One Demo­crat could trump a wall emer­gency

Congress can scut­tle emer­gency dec­la­ra­tions, but never has in 44 years

USA TODAY International Edition - - NEWS - Gre­gory Ko­rte

Af­ter Hur­ri­cane Ka­t­rina dev­as­tated the Gulf Coast in 2005, Pres­i­dent Ge­orge W. Bush de­clared a na­tional emer­gency to do some­thing Repub­li­cans had long wanted to do any­way: He sus­pended pre­vail­ing wage laws on fed­eral con­tracts to re­build the re­gion.

La­bor unions protested. Democrats signed on to a bill to re­write the law. Even dozens of mod­er­ate Repub­li­cans asked Bush to re­con­sider.

But then a sin­gle con­gress­man used a par­lia­men­tary ma­neu­ver – never at­tempted be­fore or since – to chal­lenge the un­der­pin­nings of the na­tional emer­gency it­self. Bush backed down with­out even a vote.

The largely for­got­ten story of Bush’s ca­pit­u­la­tion ex­plains why Repub­li­cans have ad­vised Pres­i­dent Don­ald Trump against by­pass­ing Congress and in­vok­ing a na­tional emer­gency to build a wall along the Mex­i­can bor­der.

In ad­di­tion to rais­ing le­gal ques­tions – such a move would in­evitably be chal­lenged in court – a dec­la­ra­tion would in­vite Congress to ex­er­cise its long-dor­mant power to re­voke na­tional emer­gen­cies.

And all it would take is one mem­ber of Congress to force the is­sue.

In 2005, that mem­ber was Rep. Ge­orge Miller, a Cal­i­for­nia law­maker who was the top Demo­crat on the House Ed­u­ca­tion and La­bor Com­mit­tee.

Call­ing Bush’s de­ci­sion “cal­lous and mis­guided,” Miller’s first move was to try to amend the Davis-Ba­con Act of 1931. That law sets the pre­vail­ing wage for fed­eral con­tracts, but al­lows the pres­i­dent to grant waivers in times of na­tional emer­gency.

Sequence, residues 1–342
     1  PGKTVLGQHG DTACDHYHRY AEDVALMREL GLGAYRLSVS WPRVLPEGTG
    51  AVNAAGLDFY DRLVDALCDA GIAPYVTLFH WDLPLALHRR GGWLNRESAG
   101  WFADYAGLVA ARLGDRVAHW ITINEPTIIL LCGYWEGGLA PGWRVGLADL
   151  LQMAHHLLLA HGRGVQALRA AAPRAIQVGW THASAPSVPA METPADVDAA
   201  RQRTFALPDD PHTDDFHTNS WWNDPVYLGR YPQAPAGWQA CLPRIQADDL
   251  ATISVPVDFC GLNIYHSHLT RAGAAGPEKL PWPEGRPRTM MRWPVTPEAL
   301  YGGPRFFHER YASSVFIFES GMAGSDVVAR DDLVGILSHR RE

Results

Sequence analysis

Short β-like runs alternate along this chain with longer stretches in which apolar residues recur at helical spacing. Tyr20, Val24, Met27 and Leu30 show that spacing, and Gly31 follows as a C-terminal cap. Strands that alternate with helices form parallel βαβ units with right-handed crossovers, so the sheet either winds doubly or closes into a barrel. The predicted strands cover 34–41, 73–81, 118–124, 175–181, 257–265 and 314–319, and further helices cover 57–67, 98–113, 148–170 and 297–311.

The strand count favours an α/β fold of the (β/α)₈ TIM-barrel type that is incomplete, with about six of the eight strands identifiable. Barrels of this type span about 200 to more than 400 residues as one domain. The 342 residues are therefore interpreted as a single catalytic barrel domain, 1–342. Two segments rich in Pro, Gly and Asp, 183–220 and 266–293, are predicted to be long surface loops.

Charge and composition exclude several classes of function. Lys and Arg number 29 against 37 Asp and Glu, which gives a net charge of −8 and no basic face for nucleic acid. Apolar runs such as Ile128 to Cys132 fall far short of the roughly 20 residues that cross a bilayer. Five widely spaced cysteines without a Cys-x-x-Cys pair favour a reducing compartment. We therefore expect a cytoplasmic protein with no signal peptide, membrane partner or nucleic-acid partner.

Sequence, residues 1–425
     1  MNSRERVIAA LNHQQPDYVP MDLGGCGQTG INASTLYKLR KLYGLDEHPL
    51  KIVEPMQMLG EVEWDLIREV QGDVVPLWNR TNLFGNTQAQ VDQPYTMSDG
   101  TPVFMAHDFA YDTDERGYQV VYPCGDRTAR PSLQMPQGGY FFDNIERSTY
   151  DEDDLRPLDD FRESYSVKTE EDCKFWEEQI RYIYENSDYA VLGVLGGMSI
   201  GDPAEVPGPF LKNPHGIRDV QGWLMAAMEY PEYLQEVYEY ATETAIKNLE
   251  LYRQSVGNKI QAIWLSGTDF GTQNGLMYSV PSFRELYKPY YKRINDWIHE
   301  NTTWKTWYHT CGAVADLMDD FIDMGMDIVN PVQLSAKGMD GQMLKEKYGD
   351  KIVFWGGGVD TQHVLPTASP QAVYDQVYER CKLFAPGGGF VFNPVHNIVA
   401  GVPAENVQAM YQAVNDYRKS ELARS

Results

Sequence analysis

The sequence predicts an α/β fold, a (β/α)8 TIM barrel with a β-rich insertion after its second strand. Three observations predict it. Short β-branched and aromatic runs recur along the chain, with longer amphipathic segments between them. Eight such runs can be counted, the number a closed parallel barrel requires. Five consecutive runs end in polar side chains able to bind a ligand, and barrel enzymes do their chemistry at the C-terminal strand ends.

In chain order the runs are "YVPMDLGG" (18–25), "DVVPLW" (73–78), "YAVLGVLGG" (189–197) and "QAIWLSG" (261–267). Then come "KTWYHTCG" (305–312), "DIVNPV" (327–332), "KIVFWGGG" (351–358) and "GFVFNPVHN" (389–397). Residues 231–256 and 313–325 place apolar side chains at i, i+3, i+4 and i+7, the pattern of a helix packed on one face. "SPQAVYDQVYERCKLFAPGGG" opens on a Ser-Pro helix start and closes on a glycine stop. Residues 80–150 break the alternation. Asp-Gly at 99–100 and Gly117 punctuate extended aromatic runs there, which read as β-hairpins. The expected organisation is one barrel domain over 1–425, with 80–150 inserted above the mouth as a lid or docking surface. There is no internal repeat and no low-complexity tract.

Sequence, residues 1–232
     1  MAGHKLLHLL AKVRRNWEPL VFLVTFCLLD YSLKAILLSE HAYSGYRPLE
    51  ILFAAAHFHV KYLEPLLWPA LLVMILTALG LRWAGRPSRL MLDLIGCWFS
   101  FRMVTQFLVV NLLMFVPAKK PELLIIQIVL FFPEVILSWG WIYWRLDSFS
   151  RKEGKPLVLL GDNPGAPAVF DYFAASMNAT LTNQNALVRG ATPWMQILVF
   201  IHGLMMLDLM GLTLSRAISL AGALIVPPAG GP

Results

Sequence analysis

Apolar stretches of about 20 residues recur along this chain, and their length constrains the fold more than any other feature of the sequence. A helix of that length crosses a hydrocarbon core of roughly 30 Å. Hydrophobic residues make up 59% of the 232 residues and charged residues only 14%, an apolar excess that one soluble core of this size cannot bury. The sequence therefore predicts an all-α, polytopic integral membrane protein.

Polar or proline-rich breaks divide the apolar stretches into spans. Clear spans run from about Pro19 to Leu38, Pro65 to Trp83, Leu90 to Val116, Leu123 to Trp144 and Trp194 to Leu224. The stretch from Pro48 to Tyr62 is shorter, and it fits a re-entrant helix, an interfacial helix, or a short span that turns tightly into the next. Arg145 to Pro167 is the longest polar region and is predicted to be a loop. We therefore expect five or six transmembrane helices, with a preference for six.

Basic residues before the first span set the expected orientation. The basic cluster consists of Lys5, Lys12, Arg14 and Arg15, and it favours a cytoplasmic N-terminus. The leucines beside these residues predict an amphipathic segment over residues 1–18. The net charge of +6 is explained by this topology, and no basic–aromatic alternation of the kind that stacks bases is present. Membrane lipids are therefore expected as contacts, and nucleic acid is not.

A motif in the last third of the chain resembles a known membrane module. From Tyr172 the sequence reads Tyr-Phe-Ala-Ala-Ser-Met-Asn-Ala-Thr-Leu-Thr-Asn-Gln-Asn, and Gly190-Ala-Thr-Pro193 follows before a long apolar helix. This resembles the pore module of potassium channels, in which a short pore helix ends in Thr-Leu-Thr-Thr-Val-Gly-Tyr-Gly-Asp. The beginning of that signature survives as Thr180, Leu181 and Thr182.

But Democrats were in the mi­nor­ity, and while some Repub­li­cans were grum­bling about Bush’s move, they were un­will­ing to sign on to Miller’s leg­is­la­tion.

So Miller changed tack. He dug up the Na­tional Emer­gen­cies Act of 1975,one in a se­ries of post-Water­gate re­forms. It al­lowed Congress to ter­mi­nate a pres­i­den­tial emer­gency by sim­ple ma­jor­ity vote.

Re­pub­li­can lead­er­ship couldn’t block the vote: Un­der the law, they had 15 busi­ness days to bring it out of com­mit­tee and to the floor.

Miller in­tro­duced his res­o­lu­tion on Oct. 20, and a vote was sched­uled for Nov. 8. On Oct 26, the Bush ad­min­is­tra­tion an­nounced it would ter­mi­nate the emer­gency effec­tive Nov. 7.

Bush La­bor Sec­re­tary Elaine Chao said the ad­min­is­tra­tion had re-ex­am­ined the is­sue and dis­cov­ered that it wouldn’t save as much money as ini­tially fore­cast. (Chao is now Trump’s trans­porta­tion sec­re­tary, and her hus­band is Re­pub­li­can Se­nate Ma­jor­ity Leader Mitch McCon­nell.)

Miller de­clared vic­tory.

“Let me be clear,” he told The New York Times. “The pres­i­dent is back­ing down to­day only be­cause he had no other choice.”

Mark Zuck­er­man, who was the Demo­cratic staff di­rec­tor of the House Ed­u­ca­tion and La­bor at the time, says all it took was the threat of a vote.

“It can be re­veal­ing when you make peo­ple vote on some­thing,” he says.